I was pleasantly surprised to see an announcement, involving Spotify for Work. Basically, Spotify is launching an initiative in which corporations buy Spotify premium memberships for its employees and offer it as a perk. I’m really bullish on the idea that most companies are well-served by moving into the enterprise; I’d previously written about Headspace doing the same, by establishing itself as a digital therapeutic and trying to get insurance coverage for its product.
The business case is simple: one enterprise deal can equate to thousands of customers (with room to grow in the largest enterprises!), and corporations tend to stick around longer than consumers.
That said, I have reservations on the way Spotify for Work is currently packaged. For starters, Headspace is taking on mental health and wellness, which is definitely a key pain point for employees. Gyms and fitness are also a great pain point. Is access to commercial-free music the Spotify for Work value proposition would be for its clients, and customers? How many of these people find it a pain, and don’t already pay for Spotify?
I think that shows in the fact that Accenture is the only launch partner for this product. It might be clever for Spotify if Accenture also starts selling it to clients, but I don’t know that it’ll actually move the needle much as it is right now.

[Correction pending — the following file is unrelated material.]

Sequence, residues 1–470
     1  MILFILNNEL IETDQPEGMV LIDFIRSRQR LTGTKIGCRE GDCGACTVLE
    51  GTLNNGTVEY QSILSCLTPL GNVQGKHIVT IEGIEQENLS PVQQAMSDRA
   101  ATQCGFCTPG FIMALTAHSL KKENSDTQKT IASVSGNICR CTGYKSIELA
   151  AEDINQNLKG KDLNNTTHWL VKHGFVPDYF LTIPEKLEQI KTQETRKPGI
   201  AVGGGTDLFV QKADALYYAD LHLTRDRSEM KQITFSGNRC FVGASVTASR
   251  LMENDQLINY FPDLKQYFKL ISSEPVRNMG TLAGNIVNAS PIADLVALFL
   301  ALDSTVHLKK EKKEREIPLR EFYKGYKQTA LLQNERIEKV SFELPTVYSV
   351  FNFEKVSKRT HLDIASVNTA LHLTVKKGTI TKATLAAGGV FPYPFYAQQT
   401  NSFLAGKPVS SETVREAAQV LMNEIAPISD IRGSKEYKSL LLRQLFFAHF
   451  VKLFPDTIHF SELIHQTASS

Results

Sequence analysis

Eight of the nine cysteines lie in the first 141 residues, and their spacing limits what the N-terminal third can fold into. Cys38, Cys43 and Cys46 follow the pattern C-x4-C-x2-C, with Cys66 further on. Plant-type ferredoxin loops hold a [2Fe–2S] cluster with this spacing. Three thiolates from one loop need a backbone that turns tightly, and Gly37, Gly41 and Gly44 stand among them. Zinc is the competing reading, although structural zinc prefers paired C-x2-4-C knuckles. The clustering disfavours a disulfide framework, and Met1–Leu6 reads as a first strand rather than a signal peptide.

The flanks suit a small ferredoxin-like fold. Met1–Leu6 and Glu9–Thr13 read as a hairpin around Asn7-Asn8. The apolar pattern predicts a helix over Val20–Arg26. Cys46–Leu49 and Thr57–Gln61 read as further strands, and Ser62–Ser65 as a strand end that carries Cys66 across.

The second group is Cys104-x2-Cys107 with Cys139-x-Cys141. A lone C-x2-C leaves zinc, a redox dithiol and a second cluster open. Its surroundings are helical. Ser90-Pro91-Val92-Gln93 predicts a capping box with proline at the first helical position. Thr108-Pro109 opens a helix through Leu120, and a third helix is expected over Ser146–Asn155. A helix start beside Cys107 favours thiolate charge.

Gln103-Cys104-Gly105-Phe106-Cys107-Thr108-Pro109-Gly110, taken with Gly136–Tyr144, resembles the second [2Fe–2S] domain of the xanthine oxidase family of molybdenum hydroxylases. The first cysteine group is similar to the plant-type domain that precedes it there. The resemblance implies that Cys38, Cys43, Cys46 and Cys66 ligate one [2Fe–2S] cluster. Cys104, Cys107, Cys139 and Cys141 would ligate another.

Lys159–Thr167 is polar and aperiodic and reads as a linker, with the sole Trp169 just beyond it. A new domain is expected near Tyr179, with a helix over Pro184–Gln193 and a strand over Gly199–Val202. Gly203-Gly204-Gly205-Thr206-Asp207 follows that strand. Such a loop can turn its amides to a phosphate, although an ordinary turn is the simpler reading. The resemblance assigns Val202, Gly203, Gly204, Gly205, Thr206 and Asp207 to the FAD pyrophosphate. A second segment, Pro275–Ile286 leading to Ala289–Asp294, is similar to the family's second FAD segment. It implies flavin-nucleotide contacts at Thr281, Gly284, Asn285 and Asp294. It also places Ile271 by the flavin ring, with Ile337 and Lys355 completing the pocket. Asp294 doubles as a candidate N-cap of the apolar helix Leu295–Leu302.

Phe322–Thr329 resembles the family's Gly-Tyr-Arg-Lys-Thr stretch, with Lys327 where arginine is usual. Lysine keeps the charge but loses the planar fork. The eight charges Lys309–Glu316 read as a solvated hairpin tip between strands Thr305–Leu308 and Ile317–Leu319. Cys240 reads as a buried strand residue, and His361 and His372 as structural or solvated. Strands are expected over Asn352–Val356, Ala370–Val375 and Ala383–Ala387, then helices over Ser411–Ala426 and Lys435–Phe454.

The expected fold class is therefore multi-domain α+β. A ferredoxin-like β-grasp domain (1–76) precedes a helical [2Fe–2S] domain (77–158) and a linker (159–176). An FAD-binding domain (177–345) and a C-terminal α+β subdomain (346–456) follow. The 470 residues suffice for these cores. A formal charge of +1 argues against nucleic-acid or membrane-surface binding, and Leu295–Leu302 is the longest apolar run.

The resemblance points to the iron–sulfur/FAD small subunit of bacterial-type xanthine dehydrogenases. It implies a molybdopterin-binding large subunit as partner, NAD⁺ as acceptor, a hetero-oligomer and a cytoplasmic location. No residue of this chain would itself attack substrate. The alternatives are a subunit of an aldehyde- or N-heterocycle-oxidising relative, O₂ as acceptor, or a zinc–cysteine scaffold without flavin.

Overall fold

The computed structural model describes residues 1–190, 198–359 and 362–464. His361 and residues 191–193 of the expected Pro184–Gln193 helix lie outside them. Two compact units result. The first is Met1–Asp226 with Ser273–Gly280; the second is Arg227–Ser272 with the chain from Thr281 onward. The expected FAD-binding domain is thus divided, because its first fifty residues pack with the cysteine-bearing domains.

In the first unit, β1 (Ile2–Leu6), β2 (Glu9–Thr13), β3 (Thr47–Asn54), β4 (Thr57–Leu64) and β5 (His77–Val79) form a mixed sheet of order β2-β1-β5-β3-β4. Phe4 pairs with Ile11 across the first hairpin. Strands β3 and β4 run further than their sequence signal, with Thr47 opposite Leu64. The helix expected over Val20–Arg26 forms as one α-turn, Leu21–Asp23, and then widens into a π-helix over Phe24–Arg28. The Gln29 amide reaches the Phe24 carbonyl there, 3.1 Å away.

If I were on the project, I’d probably suggest something more like AxiosHQ, and tying Spotify for Work into a business case like internal communications. Shopify (not to be confused with Spotify!) has started a couple of internal podcasts (Employees Only and Context, amongst others). I’ve also recently come across Gitlab Unfiltered, which I really liked. It might involve more demos, or a corporate version of Spotify (with SSO and everything!), which is costly from a resourcing perspective, but I think that’s where the value is.
When I worked at WorkOS, I discovered that getting enterprise ready sounds simple, but it’s certainly not easy. It’s not just a matter of doing bulk sales for a platform. There are a lot of technical considerations, as well as an entire new go-to-market strategy; companies are even hiring VPs of Enterprise specifically for purposes like this.
It also requires a good sense of timing; too soon and you end up building stuff only for enterprises, which often have very specific needs. Too late and someone else eats your lunch. In this case, I don’t know if any other DSPs offers itself as a work perk—and if they don’t, I don’t know whether that’s because the pain isn’t really there, or because they wanted to focus on consumers.